Boynton Health, community clinics and student groups work to make healthcare more accessible and affordable at the University

On and off campus organizations work to provide students with free to low cost health care services like vaccines, contraceptives and consultations.

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Audrey Rauth

Boynton Health pictured on Sunday, Oct. 25, 2020.

by Bella Carpentier

With University of Minnesota Boynton Health’s 11 on-campus clinics, nearby medical facilities and ongoing student group advocacy around improving health accessibility at the University, students now have a variety of healthcare options available to them.

Faced with multiple options, however, students have voiced confusion about what services are accessible or affordable that best fits their needs.

“A lot of that [confusion] stems from just people being unaware of what’s offered and just the system being very confusing as is,” Amanda Ichel, the Minnesota Student Association’s (MSA) health and wellness committee director and second-year student, said.

Through Boynton, anyone affiliated with the University can access a variety of clinics –– including students, faculty and staff.

The primary care clinic, the eye clinic, Gopher Quick Clinic, gender care clinic, travel clinic and urgent care are available on campus, according to Maurice Perkins, Boynton’s director of marketing and communications.

Mental health services such as free counseling are offered exclusively to students and are not available for faculty and staff.

One of MSA’s health and wellness committee goals is to advocate for improving health care accessibility on campus by increasing funding for mental health services and expanding the number of free counseling sessions, Ichel said.

“It’s been a big goal of ours to expand the quality and length of [mental health] care you can get,” Ichel said. “Recently, we’ve been focusing on hiring more therapists and some psychiatrists.”

During the pandemic, MSA said the University implemented the student service fee freeze, which made it so the student service fee would not increase. The freeze caused an obstacle in increasing funding for mental health services since a significant portion of Boynton’s funding comes from the student service fee, according to Ichel.

According to Dave Golden, Boynton Health’s director of public health and communications, the student service fee was frozen for the 2021 financial year to reduce the financial burden of the pandemic on students. Originally, there was supposed to be a 2.38% increase in the per semester student service fee, which would have allowed for an increase in funding for mental health services; after the onset of the pandemic, however, the University decided to freeze tuition and the student service fee for 2021.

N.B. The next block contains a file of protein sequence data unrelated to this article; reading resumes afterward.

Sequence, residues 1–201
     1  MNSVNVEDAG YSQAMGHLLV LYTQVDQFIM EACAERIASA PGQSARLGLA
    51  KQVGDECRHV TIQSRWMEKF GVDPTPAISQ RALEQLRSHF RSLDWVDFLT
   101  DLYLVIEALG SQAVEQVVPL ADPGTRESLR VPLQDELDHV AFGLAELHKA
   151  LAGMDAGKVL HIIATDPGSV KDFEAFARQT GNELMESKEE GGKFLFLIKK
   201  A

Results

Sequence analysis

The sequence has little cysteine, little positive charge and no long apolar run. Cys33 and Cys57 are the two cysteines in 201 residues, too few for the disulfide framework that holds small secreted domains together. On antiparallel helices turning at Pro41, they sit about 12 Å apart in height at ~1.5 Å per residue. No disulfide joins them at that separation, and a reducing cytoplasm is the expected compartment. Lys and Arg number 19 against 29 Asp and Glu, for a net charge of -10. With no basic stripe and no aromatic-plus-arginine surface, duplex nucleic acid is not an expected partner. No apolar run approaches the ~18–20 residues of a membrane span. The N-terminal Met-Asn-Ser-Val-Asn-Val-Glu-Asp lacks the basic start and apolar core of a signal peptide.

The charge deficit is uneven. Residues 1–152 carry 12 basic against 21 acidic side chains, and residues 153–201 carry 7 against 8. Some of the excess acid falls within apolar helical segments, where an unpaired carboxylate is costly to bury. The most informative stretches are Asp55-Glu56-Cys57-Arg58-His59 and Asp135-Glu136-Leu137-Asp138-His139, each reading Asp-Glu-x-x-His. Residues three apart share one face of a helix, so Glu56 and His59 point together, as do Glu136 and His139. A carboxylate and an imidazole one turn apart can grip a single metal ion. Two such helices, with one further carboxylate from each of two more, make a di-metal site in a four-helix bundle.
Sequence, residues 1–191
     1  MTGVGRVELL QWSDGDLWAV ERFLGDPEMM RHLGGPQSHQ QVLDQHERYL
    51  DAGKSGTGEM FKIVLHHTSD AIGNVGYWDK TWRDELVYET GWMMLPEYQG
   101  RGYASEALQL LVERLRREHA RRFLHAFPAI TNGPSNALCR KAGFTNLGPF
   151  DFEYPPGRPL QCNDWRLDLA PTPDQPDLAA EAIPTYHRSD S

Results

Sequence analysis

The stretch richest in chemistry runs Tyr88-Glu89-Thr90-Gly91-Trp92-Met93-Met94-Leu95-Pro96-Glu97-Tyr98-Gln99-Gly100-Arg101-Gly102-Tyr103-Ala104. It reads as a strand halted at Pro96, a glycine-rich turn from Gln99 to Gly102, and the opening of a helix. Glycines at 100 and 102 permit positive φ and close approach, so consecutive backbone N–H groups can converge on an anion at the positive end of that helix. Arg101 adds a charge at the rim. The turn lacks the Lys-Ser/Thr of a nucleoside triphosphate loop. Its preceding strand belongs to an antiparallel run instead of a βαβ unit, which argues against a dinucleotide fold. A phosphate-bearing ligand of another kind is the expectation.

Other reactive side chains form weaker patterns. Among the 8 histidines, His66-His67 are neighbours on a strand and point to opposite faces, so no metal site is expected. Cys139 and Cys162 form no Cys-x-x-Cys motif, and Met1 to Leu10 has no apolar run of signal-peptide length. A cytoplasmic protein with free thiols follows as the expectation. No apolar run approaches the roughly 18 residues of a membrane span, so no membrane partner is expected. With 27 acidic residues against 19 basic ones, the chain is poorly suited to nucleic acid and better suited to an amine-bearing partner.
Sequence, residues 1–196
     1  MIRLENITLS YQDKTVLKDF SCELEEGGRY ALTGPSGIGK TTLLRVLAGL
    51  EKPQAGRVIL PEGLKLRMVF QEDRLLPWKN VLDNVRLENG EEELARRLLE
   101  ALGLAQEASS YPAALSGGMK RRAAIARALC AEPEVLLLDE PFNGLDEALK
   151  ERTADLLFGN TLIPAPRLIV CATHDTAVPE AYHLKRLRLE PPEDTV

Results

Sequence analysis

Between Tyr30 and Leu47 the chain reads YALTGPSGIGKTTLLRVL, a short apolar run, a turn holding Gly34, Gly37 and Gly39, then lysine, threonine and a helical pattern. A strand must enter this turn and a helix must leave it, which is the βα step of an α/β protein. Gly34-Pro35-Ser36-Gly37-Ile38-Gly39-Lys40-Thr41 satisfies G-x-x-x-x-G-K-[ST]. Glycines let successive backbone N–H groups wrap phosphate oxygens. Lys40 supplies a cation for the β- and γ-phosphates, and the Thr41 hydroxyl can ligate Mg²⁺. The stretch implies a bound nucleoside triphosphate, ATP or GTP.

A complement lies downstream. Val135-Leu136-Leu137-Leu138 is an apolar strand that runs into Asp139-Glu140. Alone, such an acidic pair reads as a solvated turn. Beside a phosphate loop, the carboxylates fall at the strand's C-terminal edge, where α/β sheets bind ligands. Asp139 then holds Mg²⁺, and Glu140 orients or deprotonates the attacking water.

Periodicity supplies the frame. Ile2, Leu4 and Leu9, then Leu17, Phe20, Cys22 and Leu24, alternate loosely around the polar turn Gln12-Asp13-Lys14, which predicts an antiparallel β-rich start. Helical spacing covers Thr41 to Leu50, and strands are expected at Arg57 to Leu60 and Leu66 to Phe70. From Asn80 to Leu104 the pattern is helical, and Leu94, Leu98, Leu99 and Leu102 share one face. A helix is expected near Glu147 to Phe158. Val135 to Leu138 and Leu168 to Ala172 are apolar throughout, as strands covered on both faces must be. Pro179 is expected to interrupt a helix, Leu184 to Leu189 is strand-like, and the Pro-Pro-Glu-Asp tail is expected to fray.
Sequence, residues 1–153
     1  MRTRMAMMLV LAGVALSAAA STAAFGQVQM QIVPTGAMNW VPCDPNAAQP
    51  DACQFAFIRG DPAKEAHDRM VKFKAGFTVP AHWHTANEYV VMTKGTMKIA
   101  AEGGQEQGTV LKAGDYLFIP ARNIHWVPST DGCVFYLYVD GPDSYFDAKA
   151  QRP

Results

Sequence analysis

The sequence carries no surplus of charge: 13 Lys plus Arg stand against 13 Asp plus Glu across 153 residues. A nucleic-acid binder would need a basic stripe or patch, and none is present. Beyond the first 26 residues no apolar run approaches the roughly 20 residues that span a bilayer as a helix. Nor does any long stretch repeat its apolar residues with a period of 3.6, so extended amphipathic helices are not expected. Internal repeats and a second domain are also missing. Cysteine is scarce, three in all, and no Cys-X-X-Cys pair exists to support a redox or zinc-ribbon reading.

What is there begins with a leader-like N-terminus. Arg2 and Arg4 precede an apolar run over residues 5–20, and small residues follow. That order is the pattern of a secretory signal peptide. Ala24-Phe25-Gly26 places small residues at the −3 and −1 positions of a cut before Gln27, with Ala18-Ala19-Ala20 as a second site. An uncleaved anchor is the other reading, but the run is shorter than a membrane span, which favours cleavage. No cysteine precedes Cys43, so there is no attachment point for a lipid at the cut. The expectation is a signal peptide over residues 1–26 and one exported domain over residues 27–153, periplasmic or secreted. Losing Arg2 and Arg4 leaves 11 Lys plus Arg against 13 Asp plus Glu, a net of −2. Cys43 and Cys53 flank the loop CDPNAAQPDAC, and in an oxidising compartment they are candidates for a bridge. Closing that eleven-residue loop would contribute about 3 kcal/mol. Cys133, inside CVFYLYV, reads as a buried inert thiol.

The student service fee provides funding for any services offered to University students, including Boynton, the Aurora Center, Student Legal Services and the RecWell.

Golden said the student service fee is essential in offering students accessible health care through Boynton Health, because it ensures that students are offered care for services for little to no out-of-pocket costs, even if a student’s insurance does not cover the service.

Health care services offered through Boynton are first billed to a student’s insurance, according to Golden. If an insurance company will not cover the cost of the service, the student service fee will cover what is not paid for by the insurance company.

Care not covered by the student service fee includes prescription medications or medical supplies, according to Perkins.

Student groups such as Students for Reproductive Freedom, MSA and Boynton officials through the Student Health Advisory Committee collaborated to tackle issues related to health care accessibility on campus. This led to the implementation of the emergency contraceptive vending machine in Coffman Union.

This vending machine makes Plan B accessible for around $20, which is less expensive compared to the over-the-counter cost, which is closer to $50. MSA hopes this type of service will expand to improve health care accessibility, Ichel said.

Another step to improve access to healthcare is that Boynton hopes to be able to offer COVID-19 booster shots to students in the upcoming weeks, Perkins said.

Outside of Boynton, another affordable option for reproductive health care is available near campus on University Avenue, the First Care Pregnancy Center. At the center, students can get free pregnancy tests, ultrasounds and free STI testing and treatments, said the center’s Director of Client Care Amanda Salmon. She added the most frequently utilized service among University students is free STI testing.

“We just want students to know we are there,” Salmon said. “We are always looking for ways to get the word out.”

Editor’s note: The First Care Pregnancy Center, mentioned in the article, does not offer abortion services or referrals.